According to the World Economic Forum’s Global Gender Gap Report, at the rate we’re going, it would take approximately 217 years before we reach true gender parity.
There is overwhelming evidence on how diversity helps economies and diverse workforces to have better output in comparison to homogeneous ones, and yet the road towards gender parity still seems to be moving at a snail’s pace.
Women and true male allies around the world are doing their part in rallying and lobbying for corporations and governments to implement policies and programs that promote diversity.
But even then, we all have to take part in this advocacy and we can. Even if you think you work at a much smaller scale than activists, politicians, CEOs or lawmakers, our unified actions can make a difference in the world.
Here are five ways you can start promoting gender equality in the workplace:
Mind Your Language
There have been several studies showing that women apologize so much more than their male counterparts in the workplace, even if they’re not at fault and the situation doesn’t call for it. How many times have you prefaced a question with “I’m sorry, I’m not sure I understood”? There is no need to apologize if you need a point to be clarified. Even if we’re raising very valid issues, we tend to use phrases that convey an apology like, “It might just be me,” or “Correct me if I’m wrong”. With each apology, we undermine our own voice and give away our power. Stop apologizing for things that require no apology and own your opinion because it is just as important as the next person’s.
Be Proactive in Your Career Growth
Don’t wait for your senior managers to take notice of your potential or play a guessing game with your bosses about your career aspirations. Take an active role in your career growth by seeking out mentors or sponsors. Talk to your manager about your performance and your future in the company so they can help guide you. If an opportunity for promotion or even taking lead in a small project comes up, don’t wait for someone to put your name in the running, but clearly express your interest.
Stop Second-Guessing Your Skills
A Hewlett-Packard Internal Report showed an interesting finding that while men will apply for roles or positions even if they’re only 60% qualified, women won’t do so unless they meet 100% of all the requirements. Whether it’s an issue of confidence, too much caution or simply an aversion to risk-taking, it’s something women have to move away from. Just because you don’t tick off all the technical requirements, it doesn’t mean that you’re not qualified to do the job or you’re not the best person for it. Don’t second-guess your skills. If you know you can do the role, go for it.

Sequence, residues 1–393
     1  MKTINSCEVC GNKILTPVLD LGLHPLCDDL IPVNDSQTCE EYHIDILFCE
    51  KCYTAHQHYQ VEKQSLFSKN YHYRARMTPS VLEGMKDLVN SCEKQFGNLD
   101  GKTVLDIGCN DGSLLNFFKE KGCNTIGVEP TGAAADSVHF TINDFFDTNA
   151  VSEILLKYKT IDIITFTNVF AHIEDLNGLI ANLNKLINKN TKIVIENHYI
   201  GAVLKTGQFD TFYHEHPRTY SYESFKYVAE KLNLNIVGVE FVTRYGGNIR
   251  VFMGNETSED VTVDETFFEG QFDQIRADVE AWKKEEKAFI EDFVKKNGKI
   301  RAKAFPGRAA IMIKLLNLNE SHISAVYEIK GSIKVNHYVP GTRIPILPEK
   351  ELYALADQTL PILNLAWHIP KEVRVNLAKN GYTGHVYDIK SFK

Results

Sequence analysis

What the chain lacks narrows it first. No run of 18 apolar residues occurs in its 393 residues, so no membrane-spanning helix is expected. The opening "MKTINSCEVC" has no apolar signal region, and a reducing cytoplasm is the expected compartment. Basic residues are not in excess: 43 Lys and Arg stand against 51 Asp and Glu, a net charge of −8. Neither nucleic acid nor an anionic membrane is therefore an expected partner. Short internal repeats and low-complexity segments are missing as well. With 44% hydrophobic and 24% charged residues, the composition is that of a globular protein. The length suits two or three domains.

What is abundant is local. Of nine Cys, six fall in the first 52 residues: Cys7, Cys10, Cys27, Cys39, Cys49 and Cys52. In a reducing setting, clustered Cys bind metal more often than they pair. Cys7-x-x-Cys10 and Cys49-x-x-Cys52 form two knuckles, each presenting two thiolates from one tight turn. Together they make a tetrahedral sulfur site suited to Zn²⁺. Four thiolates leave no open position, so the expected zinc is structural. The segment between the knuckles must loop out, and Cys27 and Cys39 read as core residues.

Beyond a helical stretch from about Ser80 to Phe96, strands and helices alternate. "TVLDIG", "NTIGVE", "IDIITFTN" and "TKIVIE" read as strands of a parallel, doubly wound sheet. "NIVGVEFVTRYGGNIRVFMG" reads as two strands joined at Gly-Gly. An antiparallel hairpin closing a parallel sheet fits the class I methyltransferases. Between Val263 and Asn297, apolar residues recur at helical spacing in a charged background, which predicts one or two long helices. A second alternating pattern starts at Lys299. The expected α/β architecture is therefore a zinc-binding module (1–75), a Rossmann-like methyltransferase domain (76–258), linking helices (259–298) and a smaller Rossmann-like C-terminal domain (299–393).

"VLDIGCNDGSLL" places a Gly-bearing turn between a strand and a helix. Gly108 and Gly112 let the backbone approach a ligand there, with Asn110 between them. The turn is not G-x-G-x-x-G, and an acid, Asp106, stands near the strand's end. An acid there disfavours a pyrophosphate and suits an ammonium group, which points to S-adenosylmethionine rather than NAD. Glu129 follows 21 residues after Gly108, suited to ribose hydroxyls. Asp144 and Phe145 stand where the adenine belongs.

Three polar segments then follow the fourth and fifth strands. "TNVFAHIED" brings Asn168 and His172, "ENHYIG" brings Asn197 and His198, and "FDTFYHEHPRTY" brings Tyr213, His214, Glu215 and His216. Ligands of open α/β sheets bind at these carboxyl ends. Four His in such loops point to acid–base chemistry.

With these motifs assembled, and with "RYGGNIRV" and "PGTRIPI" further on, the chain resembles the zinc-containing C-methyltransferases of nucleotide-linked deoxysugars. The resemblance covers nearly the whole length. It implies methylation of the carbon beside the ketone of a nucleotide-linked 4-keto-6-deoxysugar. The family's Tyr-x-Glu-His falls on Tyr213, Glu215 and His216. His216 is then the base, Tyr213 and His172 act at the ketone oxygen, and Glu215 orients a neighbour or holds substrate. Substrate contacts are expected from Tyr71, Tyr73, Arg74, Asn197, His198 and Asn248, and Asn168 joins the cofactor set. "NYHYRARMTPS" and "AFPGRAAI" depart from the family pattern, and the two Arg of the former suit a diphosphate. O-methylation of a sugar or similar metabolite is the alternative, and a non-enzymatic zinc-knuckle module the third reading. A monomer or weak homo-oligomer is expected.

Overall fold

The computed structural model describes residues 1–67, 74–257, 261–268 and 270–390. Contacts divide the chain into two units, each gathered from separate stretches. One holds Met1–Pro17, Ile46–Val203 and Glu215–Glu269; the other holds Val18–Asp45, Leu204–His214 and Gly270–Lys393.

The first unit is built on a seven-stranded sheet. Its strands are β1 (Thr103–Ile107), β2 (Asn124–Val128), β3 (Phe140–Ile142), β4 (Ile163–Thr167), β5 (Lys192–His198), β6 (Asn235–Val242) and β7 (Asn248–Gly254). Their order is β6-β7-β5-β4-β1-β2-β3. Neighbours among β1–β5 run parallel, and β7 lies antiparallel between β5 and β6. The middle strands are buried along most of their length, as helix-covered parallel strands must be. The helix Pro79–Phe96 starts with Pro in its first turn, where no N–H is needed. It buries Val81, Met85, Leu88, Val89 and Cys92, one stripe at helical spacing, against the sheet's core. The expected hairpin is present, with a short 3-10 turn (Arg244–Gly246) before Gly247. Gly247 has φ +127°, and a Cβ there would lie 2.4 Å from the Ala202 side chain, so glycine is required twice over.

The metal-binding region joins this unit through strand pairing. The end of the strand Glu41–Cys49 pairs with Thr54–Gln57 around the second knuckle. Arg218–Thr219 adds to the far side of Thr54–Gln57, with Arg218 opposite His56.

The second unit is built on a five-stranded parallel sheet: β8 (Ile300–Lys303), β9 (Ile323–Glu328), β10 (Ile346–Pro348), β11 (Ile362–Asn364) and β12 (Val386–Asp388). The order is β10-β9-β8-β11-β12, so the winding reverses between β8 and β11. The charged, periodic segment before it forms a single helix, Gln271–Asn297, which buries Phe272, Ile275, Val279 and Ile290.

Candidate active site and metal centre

Your “Feminine” Traits Are Powerful
The view of quality leadership has evolved in recent years. Corporations are now recognizing that traditionally feminine traits like empathy and collaboration are beneficial in a team’s performance. These traits are part of your power, so use them to lead and inspire your team to greater heights.
Empower Other Women
Getting talked over by men is a universal experience for women, whether it’s in the boardroom or when you’re just trying to buy a power drill at the hardware store. While we still need to push men to act as true allies and help amplify women’s voices, we can also take an active role in doing so. When we witness a female co-worker being interrupted during a meeting, speak up and redirect the conversation back to your colleague’s voice.
Rise and Lead Summit 2019
The Rise and Lead Summit 2019 will commence this September 19th and 20th at the NH Hotel, WTC, The Hague. This year’s main theme is, “How Accelerating Gender Balance Can Lead to Business Sustainability and Wealth Creation for Families, Companies
The summit brings together industry leaders, corporate executives, professionals, entrepreneurs, startups, young leaders, change-makers and
We don’t want to wait 217 years to achieve gender parity. Join the movement and register for your seat today!
Ebere Akadiri is an accomplished entrepreneur and an advocate for women in leadership. Her passion to inspire others to achieve their goals drove her to found Rise and Lead Women along with her co-founder, Poonam Barua. Their mission is to inspire women to take the lead in closing the gender gap in workplaces and in business.